Conclusions and Clinical Relevance—Whippets have a high prevalence of soft systolic murmurs in the absence of any structural abnormalities, which fit the description of innocent murmurs. No influence of sex, pedigree type, or training was found on the occurrence of these murmurs in Whippets.

Abstract

Objective—To determine murmur prevalence by auscultation of 105 apparently healthy Whippets without signs of cardiac disease, to determine the origin of these murmurs, and to evaluate the influence of sex, type of pedigree (ie, bred for showing or racing), and training on these murmurs.

Design—Cross-sectional study.

Animals—105 client-owned Whippets.

Procedures—All dogs were auscultated by the first author and underwent a complete physical and cardiological examination, together with a hematologic assessment. Several RBC variables and echocardiographic variables were compared between dogs with or without a murmur at the level of the aortic valve.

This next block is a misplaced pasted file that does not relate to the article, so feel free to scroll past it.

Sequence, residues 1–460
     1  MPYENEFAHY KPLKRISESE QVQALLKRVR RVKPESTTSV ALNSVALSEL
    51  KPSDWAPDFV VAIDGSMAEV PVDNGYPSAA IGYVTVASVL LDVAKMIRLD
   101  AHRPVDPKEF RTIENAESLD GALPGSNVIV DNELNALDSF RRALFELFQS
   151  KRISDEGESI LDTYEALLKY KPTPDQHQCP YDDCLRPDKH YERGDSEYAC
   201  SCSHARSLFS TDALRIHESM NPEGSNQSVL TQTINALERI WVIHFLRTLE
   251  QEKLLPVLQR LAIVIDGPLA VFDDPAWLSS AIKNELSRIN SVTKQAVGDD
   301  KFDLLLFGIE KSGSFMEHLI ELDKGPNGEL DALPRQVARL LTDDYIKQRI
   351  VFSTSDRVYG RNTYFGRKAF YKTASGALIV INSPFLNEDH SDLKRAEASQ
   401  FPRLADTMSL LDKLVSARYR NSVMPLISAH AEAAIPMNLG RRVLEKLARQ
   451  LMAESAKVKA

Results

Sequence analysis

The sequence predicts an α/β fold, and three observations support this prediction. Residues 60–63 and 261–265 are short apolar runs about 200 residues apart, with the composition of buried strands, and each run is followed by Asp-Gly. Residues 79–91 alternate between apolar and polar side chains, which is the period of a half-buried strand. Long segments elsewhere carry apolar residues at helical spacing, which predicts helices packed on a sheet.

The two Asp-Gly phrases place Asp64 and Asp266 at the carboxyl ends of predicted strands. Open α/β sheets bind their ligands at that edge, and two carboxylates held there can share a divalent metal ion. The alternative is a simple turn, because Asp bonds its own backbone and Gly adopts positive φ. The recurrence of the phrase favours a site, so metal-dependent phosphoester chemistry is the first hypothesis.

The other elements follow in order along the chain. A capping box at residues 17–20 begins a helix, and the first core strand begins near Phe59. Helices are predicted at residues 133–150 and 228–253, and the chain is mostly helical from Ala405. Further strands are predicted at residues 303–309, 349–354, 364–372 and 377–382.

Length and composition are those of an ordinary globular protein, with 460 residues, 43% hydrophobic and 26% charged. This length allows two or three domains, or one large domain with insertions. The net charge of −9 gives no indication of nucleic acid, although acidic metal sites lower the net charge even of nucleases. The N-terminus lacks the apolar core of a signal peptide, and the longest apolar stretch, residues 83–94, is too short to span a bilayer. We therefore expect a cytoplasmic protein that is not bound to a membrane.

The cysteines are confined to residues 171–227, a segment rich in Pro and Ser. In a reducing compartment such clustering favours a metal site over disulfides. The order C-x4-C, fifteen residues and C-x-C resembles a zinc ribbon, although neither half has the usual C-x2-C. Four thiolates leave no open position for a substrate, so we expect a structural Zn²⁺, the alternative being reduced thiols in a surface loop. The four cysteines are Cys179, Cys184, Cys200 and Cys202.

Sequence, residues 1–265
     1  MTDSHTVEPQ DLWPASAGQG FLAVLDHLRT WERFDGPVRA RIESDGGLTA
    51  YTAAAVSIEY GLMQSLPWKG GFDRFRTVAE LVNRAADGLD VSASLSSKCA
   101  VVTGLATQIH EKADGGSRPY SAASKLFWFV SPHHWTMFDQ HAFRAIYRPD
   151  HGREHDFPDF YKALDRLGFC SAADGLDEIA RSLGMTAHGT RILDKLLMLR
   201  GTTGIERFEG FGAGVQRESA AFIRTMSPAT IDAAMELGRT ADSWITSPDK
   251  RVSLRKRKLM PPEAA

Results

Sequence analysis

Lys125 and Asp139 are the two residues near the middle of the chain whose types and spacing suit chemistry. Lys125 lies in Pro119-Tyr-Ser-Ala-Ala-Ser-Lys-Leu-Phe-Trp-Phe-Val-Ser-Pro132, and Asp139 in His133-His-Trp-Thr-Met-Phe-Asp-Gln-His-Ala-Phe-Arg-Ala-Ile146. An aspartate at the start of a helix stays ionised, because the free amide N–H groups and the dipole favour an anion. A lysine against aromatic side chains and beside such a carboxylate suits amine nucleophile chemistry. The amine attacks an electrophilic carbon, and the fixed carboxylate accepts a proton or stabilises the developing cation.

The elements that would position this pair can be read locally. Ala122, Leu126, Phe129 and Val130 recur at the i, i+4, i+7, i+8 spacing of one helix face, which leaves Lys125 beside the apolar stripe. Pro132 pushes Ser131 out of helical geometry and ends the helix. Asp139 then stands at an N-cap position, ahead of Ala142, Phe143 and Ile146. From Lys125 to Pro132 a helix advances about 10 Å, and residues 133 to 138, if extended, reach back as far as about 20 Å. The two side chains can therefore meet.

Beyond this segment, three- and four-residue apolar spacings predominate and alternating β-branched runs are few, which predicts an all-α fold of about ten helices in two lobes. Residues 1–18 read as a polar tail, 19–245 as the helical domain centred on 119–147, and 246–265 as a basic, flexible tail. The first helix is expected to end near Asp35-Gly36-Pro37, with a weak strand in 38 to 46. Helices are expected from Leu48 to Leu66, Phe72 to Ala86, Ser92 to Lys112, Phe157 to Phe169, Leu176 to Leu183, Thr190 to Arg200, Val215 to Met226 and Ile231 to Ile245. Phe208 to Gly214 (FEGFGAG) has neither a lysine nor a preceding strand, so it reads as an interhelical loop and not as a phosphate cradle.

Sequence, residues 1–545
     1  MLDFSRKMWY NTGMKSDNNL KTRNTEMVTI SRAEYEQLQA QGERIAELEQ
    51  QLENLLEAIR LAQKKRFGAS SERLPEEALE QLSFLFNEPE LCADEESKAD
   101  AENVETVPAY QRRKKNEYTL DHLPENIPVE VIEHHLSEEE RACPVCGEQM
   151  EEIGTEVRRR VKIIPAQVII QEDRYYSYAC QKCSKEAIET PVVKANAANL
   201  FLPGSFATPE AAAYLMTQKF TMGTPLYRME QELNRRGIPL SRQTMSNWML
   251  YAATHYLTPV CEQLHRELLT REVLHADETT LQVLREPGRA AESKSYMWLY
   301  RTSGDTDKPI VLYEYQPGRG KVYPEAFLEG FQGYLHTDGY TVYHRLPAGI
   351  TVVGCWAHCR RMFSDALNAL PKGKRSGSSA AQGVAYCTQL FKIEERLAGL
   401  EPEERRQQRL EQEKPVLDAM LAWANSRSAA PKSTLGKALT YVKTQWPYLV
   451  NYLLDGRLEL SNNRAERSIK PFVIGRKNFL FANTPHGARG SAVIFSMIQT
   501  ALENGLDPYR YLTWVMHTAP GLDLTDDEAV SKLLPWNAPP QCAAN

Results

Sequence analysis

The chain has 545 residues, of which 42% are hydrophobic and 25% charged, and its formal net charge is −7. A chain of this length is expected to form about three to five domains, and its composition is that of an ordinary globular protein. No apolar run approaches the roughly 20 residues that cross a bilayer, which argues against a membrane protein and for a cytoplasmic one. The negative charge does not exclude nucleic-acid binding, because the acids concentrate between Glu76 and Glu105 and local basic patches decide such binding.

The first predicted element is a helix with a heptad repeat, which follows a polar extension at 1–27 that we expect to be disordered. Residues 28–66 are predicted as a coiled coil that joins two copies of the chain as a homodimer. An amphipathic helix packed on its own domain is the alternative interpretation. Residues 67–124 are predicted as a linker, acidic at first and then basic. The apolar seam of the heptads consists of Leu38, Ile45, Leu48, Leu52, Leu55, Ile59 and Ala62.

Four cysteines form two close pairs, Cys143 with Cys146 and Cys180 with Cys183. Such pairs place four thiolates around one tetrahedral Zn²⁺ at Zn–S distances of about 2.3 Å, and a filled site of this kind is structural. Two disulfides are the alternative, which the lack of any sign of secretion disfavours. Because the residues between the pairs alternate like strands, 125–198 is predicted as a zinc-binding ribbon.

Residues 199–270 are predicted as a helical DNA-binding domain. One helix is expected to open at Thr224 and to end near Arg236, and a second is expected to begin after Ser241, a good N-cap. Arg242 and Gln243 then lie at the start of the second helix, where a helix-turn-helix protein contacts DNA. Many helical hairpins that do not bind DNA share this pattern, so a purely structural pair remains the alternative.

Results—44 of 105 (41.9%) dogs had no murmur. A soft systolic murmur was present with point of maximal intensity at the level of the aortic valve in 50 (47.6%) dogs, at the level of the pulmonic valve in 8 (7.6%) dogs, and at the level of the mitral valve in 3 (2.9%) dogs. No significant differences were found in heart rate, rhythm, murmur presence, point of maximal intensity, and murmur grade between males and females, between dogs with race- and show-type pedigrees, or between dogs in training and not in training. Dogs with a murmur at the level of the aortic valve had a significantly higher aortic and pulmonic blood flow velocity and cardiac output, compared with dogs without a murmur.

Conclusions and Clinical Relevance—Whippets have a high prevalence of soft systolic murmurs in the absence of any structural abnormalities, which fit the description of innocent murmurs. No influence of sex, pedigree type, or training was found on the occurrence of these murmurs in Whippets.